If you’re wondering how to build your technology business but you’re thinking that you’re not really a technology person – it is more valuable to be better at “product” than it is to be better at “technology”.
I hate saying this, having been a CTO for 20 years – I like to think that software engineering is the most important thing on the planet -- but there is much more importance around product and product design, i.e. how the thing you’re building works, compared to how it’s built.
The good news if you are non-technology person is that commercial skills tend to transfer quite well to product skills. Of the three types of founder – people who are subject matter experts in an area and kind of understand how empathy works, tend to end up quite decent at product design.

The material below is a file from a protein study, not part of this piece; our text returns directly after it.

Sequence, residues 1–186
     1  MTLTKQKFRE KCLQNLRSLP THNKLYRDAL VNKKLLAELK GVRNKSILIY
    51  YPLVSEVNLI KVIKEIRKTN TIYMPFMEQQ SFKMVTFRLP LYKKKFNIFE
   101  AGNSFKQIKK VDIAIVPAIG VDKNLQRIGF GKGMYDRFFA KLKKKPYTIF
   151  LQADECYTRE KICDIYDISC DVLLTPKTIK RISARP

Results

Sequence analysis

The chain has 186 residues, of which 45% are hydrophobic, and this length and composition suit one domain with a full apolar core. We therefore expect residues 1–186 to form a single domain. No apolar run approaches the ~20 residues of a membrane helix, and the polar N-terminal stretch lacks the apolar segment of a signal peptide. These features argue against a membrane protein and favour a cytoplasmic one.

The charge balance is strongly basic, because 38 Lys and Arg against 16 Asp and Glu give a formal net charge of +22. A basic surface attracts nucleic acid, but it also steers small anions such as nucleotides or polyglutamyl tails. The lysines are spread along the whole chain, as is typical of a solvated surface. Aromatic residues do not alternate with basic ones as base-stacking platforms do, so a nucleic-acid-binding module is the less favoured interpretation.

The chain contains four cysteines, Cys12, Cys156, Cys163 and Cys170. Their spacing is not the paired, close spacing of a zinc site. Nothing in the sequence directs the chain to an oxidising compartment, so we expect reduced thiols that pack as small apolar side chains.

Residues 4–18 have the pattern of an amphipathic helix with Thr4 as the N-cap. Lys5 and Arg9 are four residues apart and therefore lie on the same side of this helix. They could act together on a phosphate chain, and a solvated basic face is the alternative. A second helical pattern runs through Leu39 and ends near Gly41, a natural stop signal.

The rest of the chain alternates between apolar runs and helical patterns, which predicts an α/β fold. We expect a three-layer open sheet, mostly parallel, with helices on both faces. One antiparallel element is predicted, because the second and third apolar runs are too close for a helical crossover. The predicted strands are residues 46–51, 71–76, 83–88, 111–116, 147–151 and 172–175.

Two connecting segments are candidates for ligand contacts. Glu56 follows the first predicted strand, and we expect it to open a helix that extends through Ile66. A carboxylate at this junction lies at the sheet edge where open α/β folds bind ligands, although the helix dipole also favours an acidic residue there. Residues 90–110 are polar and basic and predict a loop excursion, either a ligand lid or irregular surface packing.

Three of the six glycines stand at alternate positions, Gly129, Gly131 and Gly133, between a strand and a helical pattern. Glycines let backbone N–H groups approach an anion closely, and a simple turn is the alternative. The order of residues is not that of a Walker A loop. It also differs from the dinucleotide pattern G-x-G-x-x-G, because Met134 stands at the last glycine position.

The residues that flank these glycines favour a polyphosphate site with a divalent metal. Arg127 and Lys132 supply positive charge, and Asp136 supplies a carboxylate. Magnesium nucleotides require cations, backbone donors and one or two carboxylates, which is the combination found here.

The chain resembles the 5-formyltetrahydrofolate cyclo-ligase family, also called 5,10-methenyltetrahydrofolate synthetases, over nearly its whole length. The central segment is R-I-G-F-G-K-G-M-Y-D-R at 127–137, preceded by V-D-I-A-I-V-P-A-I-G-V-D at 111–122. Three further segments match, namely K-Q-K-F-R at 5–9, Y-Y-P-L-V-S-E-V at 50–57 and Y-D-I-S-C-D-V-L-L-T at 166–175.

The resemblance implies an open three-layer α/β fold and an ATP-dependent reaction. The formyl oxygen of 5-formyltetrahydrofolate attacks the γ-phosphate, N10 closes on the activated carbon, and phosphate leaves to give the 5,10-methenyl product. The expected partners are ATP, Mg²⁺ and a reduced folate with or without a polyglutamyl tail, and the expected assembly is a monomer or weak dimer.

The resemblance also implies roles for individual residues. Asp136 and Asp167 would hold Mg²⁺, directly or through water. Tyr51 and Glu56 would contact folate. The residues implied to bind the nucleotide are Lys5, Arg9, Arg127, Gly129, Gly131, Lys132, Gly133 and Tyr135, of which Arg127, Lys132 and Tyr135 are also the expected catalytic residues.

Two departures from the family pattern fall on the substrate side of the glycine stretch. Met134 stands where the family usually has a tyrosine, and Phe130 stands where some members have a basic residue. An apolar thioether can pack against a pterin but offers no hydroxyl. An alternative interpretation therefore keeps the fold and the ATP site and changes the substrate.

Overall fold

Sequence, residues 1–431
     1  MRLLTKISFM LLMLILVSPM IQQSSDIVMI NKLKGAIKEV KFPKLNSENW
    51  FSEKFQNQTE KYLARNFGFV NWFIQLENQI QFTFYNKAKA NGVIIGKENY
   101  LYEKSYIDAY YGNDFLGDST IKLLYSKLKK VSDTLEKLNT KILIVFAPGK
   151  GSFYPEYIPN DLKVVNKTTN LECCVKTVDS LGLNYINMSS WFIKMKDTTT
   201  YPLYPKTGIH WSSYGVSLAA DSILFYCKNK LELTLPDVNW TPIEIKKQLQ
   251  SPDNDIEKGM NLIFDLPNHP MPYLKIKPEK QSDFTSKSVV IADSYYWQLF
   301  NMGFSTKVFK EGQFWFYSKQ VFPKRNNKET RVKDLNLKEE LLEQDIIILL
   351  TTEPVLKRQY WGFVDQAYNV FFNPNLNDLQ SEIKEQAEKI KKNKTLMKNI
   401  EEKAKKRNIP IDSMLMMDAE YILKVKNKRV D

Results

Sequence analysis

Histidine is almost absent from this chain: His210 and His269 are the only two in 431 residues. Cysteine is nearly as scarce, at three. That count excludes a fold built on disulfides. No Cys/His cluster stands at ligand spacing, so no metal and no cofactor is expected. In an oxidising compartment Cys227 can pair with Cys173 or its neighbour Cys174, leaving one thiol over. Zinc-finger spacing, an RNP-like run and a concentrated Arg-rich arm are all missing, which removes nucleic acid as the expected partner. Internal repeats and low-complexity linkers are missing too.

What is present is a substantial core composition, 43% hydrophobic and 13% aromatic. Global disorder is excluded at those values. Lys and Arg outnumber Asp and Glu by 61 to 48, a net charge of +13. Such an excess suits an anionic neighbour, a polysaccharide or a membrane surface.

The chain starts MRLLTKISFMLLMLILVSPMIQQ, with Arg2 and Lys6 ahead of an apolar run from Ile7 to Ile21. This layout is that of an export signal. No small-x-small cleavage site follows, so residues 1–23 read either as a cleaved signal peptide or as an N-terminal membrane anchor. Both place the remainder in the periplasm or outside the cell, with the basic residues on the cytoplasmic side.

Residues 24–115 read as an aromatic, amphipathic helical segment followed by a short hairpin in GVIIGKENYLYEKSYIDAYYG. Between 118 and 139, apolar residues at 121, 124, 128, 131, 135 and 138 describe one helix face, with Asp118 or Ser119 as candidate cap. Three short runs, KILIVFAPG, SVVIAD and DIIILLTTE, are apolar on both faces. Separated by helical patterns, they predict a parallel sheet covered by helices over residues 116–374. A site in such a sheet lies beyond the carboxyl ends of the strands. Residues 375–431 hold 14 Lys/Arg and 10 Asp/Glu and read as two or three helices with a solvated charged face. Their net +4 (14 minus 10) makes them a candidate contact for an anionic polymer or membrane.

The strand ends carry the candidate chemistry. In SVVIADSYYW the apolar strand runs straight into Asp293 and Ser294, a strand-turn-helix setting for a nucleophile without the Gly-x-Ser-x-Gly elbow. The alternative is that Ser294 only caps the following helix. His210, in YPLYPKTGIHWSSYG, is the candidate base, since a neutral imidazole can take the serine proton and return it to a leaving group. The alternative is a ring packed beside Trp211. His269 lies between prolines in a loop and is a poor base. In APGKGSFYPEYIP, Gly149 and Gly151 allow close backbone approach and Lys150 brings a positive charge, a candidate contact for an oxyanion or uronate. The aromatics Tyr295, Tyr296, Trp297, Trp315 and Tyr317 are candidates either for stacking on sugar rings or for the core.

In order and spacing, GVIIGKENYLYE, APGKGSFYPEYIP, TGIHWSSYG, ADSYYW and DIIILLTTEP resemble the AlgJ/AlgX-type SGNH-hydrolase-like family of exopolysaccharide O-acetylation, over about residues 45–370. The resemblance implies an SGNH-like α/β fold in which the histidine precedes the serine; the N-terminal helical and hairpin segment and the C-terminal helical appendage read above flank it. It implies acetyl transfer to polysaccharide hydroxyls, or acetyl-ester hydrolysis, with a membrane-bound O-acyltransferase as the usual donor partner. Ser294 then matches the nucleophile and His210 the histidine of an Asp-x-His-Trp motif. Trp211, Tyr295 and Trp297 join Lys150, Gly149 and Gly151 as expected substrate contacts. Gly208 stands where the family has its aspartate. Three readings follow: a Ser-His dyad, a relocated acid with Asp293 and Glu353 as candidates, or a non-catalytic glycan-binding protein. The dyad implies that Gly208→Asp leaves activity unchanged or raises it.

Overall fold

Product skills at its core are about making sure that your product is really good and that people are likely to want to make an investment in it, in terms of paying for it, using it, and ideally cheerleading it. Product skills focused highly on the user journey and customer experience – it is the process by which products become delightful.
Technology skills – i.e. the actual engineering bit – is important, but compared to product it’s something of a “hygiene” measure. You need to make sure that you are doing a good job when it comes to the technology, but if the product design is good and built well, that’s a much better outcome that the product design being shonky, but still built well.